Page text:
Tuesday, 23 May 2023 : 7th Week of Easter (Psalm)

Liturgical Colour : White

Psalm 67 : 10-11, 20-21

Then You gave a rain of blessings to comfort Your weary children. Your people found a dwelling and in Your mercy, o God, You provided for the needy.

Blessed be the Lord, God our Saviour, Who daily bears our burdens! Ours is a God Who saves; our Lord lets us escape from death.

Tuesday, 23 May 2023 : 7th Week of Easter (First Reading)

Liturgical Colour : White

Acts 20 : 17-27

From Miletus Paul sent word to Ephesus, summoning the elders of the Church. When they came to him, he addressed them, “You know how I lived among you from the first day I set foot in the province of Asia, how I served the Lord in humility through the sorrows and trials that the Jews caused me.”

“You know that I never held back from doing anything that could be useful for you; I spoke publicly and in your homes, and I urged Jews and non-Jews alike to turn to God and believe in our Lord Jesus.”

“But now I am going to Jerusalem, chained by the Spirit, without knowing what will happen to me there. Yet in every city the Holy Spirit warns me that imprisonment and troubles await me. Indeed I put no value on my life, if only I can finish my race and complete the service to which I have been assigned by the Lord Jesus, to announce the Good News of God’s grace.”

“I now feel sure that none of you among whom I have gone about proclaiming the kingdom of God will ever see me again. Therefore I declare to you this day that my conscience is clear with regard to all of you. For I have spared no effort in fully declaring to you God’s will.”

Monday, 22 May 2023 : 7th Week of Easter, Memorial of St. Rita of Cascia, Religious (Homily and Scripture Reflections)

Liturgical Colour : White

Dear brothers and sisters in Christ, today as we listened to the words of the Scriptures, each one of us are called to continue to live our lives faithfully as Christians and continue to carry out what the Lord had commanded us to do, to live our lives in the manner that He has taught us all to do, so that in everything we say and do, we will always be the worthy bearers of His light and truth, and that we may be inspiration and good role models for others around us, proclaiming the Good News and truth of God through our own lives and works, through our every words and interactions. All of us should do what we can to spread God’s message and ways to others whom we encounter in our lives. This is our calling and vocation as Christians, regardless whichever specific vocation that we have been called to.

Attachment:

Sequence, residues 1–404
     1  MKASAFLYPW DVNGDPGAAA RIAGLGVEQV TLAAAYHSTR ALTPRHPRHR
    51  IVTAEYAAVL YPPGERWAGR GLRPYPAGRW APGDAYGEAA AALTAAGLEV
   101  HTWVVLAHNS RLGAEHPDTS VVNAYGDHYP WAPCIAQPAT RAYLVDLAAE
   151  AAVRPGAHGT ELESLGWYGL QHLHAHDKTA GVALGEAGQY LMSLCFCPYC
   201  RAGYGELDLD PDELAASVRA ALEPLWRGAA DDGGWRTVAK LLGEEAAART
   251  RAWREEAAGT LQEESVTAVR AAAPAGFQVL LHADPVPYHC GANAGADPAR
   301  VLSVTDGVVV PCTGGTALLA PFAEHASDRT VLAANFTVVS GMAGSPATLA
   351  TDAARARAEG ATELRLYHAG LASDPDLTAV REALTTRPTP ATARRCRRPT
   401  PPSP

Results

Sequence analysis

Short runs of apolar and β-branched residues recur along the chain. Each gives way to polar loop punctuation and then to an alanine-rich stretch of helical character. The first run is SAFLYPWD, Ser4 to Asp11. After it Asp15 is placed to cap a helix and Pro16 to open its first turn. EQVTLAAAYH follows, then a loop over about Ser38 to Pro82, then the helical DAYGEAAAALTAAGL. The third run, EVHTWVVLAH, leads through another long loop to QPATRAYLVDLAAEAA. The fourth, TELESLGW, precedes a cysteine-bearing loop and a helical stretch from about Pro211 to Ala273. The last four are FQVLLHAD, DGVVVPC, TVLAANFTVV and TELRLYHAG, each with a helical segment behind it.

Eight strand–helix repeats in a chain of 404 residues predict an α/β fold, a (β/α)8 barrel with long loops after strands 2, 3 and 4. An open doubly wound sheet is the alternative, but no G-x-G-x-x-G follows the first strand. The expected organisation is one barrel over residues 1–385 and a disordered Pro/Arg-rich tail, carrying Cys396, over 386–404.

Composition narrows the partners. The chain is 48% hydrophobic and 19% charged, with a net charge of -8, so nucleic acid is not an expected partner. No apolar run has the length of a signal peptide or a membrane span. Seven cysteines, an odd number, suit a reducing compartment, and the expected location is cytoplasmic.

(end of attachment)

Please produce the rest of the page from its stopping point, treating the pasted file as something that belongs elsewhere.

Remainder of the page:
In our first reading today, we heard from the Acts of the Apostles about the works of St. Paul the Apostle among the faithful in the region of Ephesus in Asia Minor. Ephesus was one of the early centres of Christianity, and the faithful there grew rapidly in numbers as both Jews and Gentiles alike embraced the new faith in God. The Lord has called on all of them to be His followers, and He spread to them His Good News and truth through His disciples and missionaries like St. Paul, who went to their region to proclaim the Good News and the truth of God. St. Paul was speaking to some of those disciples who were likely to have belonged to the Jewish diaspora there, who believed in the teachings of St. John the Baptist, the Herald of the Messiah. As was evident from the accounts from the Acts of the Apostles and the other parts of the New Testament, St. John the Baptist and his teachings were quite widespread around the region.

However, those disciples like the ones in Ephesus have not yet received the fullness of truth as what the early Christians have received, and hence, the Lord called on His Apostles and disciples to evangelise and spread the Good News to all of those people who have not yet heard of this truth and Good News. St. Paul taught them about the teachings and truth of the Lord, proclaiming to them the Good News and the Gospel of salvation. Those disciples believed in the Lord Jesus Christ and received Him as their Saviour and Master, and were baptised by St. Paul. The Holy Spirit came down upon them and many great miracles happened, as St. Paul continued to minister to all the faithful there and carrying out the good works that God had planted among them. That was how the Church kept on expanding and growing at that time in Ephesus and elsewhere.

Then, in our Gospel passage today, we heard of the Lord speaking to His disciples when they told Him that He was finally telling them the truth and no longer was using parables, hidden meanings and other forms of story-telling through which those who listened to the Lord had not been able to discern fully what He wanted to tell them. But this was because the Lord did not want them all to know everything at once, and wanted them to journey with Him, and to discover their faith in God gradually through their experiences and by listening to the word of God speaking in their hearts and through the guidance and inspiration of the Holy Spirit stirring in them, prodding them to follow the path that the Lord has shown them, and for them to find out about the truth which He has presented and brought before all of them.